Uber scraps thousands of e-bikes following Lime deal
Image credit: Cody Engel/Unsplash
Uber is in the process of scrapping thousands of electric bikes and scooters after selling its Jump business to Lime.
Uber’s Jump business, which it acquired for $200m in April 2018, offers dockless electric bike and scooter sharing via the Jump or Uber apps. The vehicles are instantly recognisable for their bright coral-red bodies. The purchase of Jump seemed to indicate a move towards more environmentally friendly urban transport for Uber, which said at the time that it would focus more on its e-bike and scooter business than its core car services.
However, Uber sold Jump to US transport company Lime - which also offers electric bike and scooter sharing - this month.
As part of the deal, Lime will acquire tens of thousands of recent Jump bikes (which CEO Wayne Ting has expressed an aesthetic preference for over Lime’s own green bikes) as well as the associated IP and some employees. Uber will reportedly have the option to acquire Lime in the future.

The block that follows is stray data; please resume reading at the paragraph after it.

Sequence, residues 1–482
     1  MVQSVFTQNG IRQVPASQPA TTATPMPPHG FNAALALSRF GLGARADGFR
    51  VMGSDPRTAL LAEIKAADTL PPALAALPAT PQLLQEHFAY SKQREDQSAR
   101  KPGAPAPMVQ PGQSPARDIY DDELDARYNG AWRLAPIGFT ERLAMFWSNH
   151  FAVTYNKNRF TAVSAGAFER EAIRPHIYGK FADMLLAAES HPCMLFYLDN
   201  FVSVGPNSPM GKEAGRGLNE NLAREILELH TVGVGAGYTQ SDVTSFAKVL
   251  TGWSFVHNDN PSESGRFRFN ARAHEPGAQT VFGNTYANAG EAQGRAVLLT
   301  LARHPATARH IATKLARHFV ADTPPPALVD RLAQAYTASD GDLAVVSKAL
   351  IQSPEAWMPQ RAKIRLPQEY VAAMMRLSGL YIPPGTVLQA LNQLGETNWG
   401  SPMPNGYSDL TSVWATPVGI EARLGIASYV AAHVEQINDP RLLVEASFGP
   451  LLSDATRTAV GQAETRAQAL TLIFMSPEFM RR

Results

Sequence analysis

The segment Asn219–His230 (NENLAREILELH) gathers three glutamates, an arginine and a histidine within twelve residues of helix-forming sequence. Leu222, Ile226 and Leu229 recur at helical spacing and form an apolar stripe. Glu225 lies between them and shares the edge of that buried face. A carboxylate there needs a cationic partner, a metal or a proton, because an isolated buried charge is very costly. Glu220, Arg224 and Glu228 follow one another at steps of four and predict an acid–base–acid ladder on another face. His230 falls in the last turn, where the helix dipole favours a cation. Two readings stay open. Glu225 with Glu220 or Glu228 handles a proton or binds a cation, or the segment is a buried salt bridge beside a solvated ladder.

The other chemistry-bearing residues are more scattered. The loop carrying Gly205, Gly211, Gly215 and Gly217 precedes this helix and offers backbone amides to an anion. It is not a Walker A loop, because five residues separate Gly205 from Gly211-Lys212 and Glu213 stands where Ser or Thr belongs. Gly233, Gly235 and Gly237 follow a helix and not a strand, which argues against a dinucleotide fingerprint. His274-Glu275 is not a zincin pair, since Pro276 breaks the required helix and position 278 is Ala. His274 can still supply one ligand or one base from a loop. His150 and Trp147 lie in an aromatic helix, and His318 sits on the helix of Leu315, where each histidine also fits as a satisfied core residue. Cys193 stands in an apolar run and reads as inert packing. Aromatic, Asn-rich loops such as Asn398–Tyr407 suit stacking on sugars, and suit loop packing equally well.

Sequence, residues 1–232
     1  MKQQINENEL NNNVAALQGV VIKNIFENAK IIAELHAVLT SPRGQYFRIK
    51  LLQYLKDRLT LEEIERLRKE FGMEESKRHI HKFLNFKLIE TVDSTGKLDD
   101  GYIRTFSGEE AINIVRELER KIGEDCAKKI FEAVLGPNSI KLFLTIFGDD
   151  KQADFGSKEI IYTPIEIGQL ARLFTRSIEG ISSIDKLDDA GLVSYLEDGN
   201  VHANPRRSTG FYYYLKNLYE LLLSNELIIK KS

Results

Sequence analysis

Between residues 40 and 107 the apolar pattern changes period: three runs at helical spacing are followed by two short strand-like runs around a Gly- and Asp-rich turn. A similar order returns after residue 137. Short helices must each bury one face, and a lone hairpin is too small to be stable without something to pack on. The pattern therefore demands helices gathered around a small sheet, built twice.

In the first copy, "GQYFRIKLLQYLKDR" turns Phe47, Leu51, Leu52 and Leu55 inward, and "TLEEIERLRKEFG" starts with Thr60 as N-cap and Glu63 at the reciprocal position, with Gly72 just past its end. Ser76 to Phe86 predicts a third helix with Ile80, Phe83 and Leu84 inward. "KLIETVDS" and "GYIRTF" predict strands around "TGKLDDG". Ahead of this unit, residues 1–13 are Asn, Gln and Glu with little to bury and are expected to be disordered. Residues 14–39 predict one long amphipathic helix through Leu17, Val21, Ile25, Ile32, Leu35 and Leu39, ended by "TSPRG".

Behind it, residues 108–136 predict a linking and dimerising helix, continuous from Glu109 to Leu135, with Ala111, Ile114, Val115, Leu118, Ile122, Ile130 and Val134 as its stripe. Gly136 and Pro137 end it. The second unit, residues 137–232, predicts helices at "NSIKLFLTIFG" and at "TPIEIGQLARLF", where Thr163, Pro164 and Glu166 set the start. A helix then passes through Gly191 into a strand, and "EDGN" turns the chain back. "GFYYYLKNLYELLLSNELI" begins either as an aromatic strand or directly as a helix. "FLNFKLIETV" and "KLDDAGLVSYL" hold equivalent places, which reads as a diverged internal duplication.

Although many Jump e-bikes will be taken on by Lime, there are reportedly tens of thousands of older e-bike models that Lime will not inherit. Now, videos have emerged of thousands of these e-bikes being taken to the Foss Recycling centre in North Carolina for crushing. Former Jump employees have claimed that between 20,000 and 30,000 e-bikes are being scrapped.
The videos have angered cyclists, charities, and environmental activists, who argue that they should have been repurposed, donated, or sold “sight unseen” (with the buyer accepting risk) to boost uptake of e-bikes. Jon Orcutt of Bike New York told Motherboard: “Why not at least peel the decals off and sell the bikes to individuals?”
Bounce, which operates bike and scooter sharing in India, has been selling its old bicycles for a small sum (less than £10) as it shifts towards electric scooters.
Uber said in a statement: “We explored donating the remaining, older-model bikes but given many significant issues – including maintenance, liability, safety concerns and a lack of consumer-grade charging equipment – we decided the best approach was to responsibly recycle them.”
The Bike Share Museum, which covers reuse of retired bicycle from share schemes, has questioned whether it is only older bicycles which are being scrapped. The group argues that as the next-generation Jump 5.8 model was never fully in service, the Jump 5.5 models (which appear to be shown being sent for scrapping in the videos) cannot be said to belong to an older generation.
Uber continues to operate Jump in the UK as the Lime deal has not been completed in Europe.
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